Research the available solutions and make a shortlist of the ones you want to see in action. Refer back to your objectives and evaluation criteria to help guide your research.

7. See live product demos

It’s time to see the shortlist of leasing and asset management platforms in action! If you’re not already speaking to vendors, it’s usually pretty simple to sign up for a demo directly on their website. The important thing to keep in mind here is that you want a live demo — as in, to see a platform work in real-time. You want to see how easy it is to use and actual functionality! Ask questions during the demos and refer back to your evaluation criteria to make sure you’re checking off your essential items.

Want to see VTS in action? Request your live demo today!

8. Get proposed pricing from vendors

Once you’ve seen the platforms in action, ask your vendor to send you proposed pricing specific to your portfolio and needs. Different vendors may have different pricing models. Confirm with your finance team that this pricing is in budget and negotiate if necessary.

9. Talk to references

Assuming pricing is within budget and the software meets all of your criteria, one of the last steps to selecting your leasing and asset management platform is to talk to references. After all, who is better placed to talk to you about how useful a software platform is other than your peers already using it?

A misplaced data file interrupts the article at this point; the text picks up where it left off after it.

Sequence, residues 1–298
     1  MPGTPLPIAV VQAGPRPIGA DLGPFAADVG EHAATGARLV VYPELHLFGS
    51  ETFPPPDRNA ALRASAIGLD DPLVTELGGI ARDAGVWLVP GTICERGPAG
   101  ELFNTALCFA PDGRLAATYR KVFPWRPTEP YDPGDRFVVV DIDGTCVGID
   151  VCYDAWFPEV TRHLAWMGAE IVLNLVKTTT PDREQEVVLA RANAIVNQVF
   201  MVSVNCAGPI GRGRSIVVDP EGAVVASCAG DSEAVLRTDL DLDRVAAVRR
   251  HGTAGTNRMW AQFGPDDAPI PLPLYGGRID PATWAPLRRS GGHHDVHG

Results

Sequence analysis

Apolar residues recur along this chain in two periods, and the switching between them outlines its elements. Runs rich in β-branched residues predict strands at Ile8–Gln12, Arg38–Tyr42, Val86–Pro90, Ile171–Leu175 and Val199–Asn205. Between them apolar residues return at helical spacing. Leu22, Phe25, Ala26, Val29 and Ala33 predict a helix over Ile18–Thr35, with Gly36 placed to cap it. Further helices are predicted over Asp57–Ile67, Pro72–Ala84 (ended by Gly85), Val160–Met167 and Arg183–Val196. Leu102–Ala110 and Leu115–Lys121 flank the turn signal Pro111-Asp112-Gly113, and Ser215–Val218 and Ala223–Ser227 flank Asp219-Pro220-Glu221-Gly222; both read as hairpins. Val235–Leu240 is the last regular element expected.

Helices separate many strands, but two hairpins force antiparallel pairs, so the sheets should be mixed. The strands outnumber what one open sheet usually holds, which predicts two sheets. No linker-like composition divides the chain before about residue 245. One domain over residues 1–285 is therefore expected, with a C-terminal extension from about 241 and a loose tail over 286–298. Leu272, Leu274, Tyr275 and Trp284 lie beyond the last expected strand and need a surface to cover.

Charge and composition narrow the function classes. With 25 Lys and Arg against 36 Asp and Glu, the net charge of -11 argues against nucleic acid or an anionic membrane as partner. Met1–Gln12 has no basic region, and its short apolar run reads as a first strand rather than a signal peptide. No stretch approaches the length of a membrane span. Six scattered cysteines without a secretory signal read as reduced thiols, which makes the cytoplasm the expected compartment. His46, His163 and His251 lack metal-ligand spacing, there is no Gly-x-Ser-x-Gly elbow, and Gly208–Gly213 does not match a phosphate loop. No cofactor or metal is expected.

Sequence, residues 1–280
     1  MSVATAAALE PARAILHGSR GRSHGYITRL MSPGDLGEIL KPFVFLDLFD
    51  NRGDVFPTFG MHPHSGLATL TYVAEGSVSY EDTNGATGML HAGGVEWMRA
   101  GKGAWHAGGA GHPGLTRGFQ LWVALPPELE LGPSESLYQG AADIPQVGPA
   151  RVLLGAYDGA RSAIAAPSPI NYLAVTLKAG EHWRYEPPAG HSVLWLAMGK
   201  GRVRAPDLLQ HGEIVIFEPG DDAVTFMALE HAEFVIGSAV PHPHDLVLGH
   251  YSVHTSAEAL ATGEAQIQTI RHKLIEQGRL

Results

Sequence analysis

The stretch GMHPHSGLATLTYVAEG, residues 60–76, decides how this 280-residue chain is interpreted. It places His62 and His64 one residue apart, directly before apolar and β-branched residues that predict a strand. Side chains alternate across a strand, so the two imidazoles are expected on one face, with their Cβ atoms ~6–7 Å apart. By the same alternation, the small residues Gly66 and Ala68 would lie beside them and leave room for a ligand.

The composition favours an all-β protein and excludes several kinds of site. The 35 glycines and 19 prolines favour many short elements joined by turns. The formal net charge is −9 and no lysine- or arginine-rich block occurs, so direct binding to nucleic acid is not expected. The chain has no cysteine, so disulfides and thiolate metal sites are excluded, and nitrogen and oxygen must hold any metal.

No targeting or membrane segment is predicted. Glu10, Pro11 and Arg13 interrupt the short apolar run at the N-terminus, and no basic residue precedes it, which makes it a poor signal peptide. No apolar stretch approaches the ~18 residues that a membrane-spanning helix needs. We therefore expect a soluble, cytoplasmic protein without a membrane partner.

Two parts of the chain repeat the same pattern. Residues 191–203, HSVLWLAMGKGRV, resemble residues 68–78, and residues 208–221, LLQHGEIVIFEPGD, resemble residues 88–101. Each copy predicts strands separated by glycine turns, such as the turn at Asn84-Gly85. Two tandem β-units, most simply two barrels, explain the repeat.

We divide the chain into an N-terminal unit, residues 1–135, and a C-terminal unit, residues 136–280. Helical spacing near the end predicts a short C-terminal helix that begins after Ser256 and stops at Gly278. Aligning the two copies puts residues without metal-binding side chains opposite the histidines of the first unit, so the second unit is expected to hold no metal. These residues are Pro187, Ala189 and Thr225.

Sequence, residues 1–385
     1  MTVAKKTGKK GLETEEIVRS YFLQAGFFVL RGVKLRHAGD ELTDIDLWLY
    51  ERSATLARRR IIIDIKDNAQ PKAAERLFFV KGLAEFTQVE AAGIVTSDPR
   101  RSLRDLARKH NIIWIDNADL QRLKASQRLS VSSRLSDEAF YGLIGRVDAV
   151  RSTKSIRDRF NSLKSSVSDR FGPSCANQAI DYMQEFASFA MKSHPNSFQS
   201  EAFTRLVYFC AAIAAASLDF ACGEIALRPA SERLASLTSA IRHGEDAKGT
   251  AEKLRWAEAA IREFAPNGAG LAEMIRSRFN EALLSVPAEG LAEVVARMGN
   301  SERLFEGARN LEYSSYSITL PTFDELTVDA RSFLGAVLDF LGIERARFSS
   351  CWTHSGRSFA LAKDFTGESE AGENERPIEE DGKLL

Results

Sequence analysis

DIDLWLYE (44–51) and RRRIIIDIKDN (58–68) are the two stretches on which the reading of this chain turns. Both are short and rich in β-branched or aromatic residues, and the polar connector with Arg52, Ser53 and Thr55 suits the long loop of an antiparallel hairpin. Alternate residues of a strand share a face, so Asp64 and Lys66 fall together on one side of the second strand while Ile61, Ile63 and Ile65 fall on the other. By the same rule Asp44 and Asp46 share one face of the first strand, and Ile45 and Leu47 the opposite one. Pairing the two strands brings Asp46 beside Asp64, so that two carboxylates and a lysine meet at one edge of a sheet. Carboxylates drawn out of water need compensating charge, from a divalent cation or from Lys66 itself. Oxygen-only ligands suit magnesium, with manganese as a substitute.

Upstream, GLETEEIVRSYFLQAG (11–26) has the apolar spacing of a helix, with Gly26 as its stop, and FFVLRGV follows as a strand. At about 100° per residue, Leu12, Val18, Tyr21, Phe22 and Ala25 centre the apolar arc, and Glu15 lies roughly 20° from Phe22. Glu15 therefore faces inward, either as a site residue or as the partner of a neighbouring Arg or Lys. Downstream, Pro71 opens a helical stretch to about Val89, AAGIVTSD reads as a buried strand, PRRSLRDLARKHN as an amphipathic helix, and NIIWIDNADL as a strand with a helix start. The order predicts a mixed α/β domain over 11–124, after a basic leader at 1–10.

In order to get in touch with existing users, don’t be afraid to ask your potential vendor directly and have them put you in touch with clients that are of a similar size and asset type to you. You can also access online reviews on websites like Capterra or G2 Crowd. While these reviews won’t be as in-depth as having a one-on-one conversation with a current user, you’ll also get to see a broader range of feedback and different opinions.

10. Select your leasing and asset management platform and get started!

You’ve done the research, seen the demos, confirmed the price, and secured internal alignment — it’s time to purchase your leasing and asset management platform! Remember, there’s no reason to delay. Once you’ve made your selection, you’ll be well on your way to closing deals faster and increasing your conversion rates.

If you’re ready to get started with VTS, request your free demo today.

Already using VTS? Learn more about VTS 3 to up-level the results you’re experiencing with the platform.

Julia Woodward
Content Marketing Manager | VTS
Julia Woodward
Julia Woodward is a Content Marketing Manager at VTS.